Happy publication day, Emma Robinson! It may be Halloween, but a visit to Paris is beckoning! I am delighted to be kicking off the blog blitz for ‘One Way Ticket to Paris’ – many thanks to Bookouture for having me, and for the ARC. Here is my review:
When I was a kid and I’d lost something, my dad always said ‘Go back to the place you last had it’. The problem is that what I’ve lost is… me.
Kate loves her family more than anything, but recently she has started to feel invisible. Lying awake at three a.m. as her husband snores, panicking about shopping lists, birthday parties, and the school bake sale…
She finds herself in the kitchen, gulping water, staring at a postcard of the Eiffel Tower from Shannon, her best friend.
Paris, with its red wine, slippery cobbles and curly lamp posts. Where the scent of freshly-baked croissants hangs in the air, and Kate last remembers feeling like herself.
The postcard is a year old. It has just one line on it: When are you coming?
What does TWG think?
Have you ever felt lost? Not lost because you ended up taking the wrong turning on your way back from a day out shopping, but lost because you can’t help feeling as though part of you is missing? A sense of loss like no other – the undervalued, monotonous loss whilst enduring every day life of sewing up your husbands boxers because his purse strings are tighter than the waistband, or the endless meals you need to cook for your children because, after witnessing Tabitha in Year 3 have a melt down due to not realising that chicken nuggets from McDonald’s were in fact REAL chicken, your child’s pallet refuses to swallow the rather popular delicacy of….chicken.
It’s no wonder that, after dealing with said issues on a day to day basis, that someone’s patience ends up snapping. Why can’t the husband don his inner Paul Hollywood for the school bake sale at 11pm at night instead of you? Why can’t the husband make meal after meal that isn’t eaten by the children because their tastebuds changed 5 minutes later? It really is no wonder that Kate felt the need to escape to a place she feels comfortable, happy, and most importantly, herself. Okay she may not have mentioned the trip to her husband, but that’s neither here nor there. Kate just wanted to be happy again, you can’t really fault her for that now can you?
Kate’s journey of self discovery isn’t the only one in this story, her best friend, Shannon, has unintentionally taken giant leaps into unfamiliar territory as she tries to come to terms with her current situation. I must say that, despite not warming to Shannon’s icy personality to begin with, I ended up wanting to give her a great big hug. Kate too, if I’m honest. There is a third main character, Laura, and whilst I am sure that a lot of readers will relate to her thoughts on marriage, childbearing and what not, I personally couldn’t gel with her as I found her to be a character who seemed intent on throwing her teddies out of her pram. Maybe that’s just me, or maybe it was because in comparison to the other two ladies lives, Laura was going to ‘win’ whichever way she looked at it.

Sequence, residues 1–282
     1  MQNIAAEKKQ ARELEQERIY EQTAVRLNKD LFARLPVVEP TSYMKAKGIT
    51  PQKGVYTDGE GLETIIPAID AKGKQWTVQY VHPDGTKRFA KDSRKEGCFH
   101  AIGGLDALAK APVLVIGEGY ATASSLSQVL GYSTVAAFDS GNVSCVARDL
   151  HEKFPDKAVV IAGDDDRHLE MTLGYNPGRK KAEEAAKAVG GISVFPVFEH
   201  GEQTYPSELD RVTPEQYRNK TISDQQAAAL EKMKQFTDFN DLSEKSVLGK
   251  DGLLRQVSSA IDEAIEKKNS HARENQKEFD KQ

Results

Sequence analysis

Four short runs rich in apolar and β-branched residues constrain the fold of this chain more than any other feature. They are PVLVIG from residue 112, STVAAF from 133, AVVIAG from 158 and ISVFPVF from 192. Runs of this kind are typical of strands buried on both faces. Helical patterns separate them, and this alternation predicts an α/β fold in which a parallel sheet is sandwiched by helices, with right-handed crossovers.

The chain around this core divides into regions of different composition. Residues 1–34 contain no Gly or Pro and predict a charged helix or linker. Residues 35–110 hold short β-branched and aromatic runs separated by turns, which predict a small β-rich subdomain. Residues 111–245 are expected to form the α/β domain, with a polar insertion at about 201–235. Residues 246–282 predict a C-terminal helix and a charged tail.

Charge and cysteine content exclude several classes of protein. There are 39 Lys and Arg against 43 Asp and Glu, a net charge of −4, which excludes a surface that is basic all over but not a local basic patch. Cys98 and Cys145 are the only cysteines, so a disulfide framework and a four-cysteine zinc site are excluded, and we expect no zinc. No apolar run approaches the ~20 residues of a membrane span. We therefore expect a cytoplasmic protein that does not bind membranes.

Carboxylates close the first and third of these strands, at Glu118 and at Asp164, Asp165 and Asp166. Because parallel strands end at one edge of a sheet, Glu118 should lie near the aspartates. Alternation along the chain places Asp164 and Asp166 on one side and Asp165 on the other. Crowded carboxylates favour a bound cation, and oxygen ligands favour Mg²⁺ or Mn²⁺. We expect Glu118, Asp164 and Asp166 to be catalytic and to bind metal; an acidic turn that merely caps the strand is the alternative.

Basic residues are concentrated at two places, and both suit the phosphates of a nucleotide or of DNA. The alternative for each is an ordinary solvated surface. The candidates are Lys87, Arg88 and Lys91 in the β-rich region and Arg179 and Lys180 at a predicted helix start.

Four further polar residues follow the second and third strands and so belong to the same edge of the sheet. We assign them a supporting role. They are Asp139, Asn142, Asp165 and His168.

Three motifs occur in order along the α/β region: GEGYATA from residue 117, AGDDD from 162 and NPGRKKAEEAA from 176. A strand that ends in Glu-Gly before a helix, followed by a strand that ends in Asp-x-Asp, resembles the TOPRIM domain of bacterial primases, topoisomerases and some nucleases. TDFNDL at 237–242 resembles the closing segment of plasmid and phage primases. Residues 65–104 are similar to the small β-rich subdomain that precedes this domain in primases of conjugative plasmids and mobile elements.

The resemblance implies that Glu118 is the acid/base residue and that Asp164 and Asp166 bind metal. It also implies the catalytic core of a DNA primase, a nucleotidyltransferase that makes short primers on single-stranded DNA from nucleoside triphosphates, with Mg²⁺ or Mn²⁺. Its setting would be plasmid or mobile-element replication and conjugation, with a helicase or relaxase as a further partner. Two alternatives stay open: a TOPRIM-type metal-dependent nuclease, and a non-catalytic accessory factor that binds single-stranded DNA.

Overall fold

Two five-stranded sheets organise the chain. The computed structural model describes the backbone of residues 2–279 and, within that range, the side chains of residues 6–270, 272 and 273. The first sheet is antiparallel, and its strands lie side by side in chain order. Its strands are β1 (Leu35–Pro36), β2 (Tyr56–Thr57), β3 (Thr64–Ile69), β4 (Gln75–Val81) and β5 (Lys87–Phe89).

I thought that the overall premise of ‘One Way Ticket to Paris’ was very poignant and thought provoking, cementing the fact that if you aren’t happy in yourself, you aren’t happy in life and you can’t be the best of yourself for your family. A simple yet incredibly important task, which I for one don’t take the time to do ‘me’ when I should. We all should. Emma Robinson has done a brilliant job of making that important message shine through her storyline like a beacon, especially as it’s so easy to lose yourself in life, yet it’s so much harder to find yourself again.
I thoroughly enjoyed this heartwarming, thoughtful read where the humour perfectly balanced the emotions within. This is definitely a story written from the heart – I loved it.
About the author.
She also has a blog, Motherhood for Slackers, which takes a humorous look at parenthood, and includes poems such as ‘Dear Teacher’ about her son starting school which has been shared around the world. Emma is an English teacher and lives in Essex with a patient husband and two children who are an endless source of material.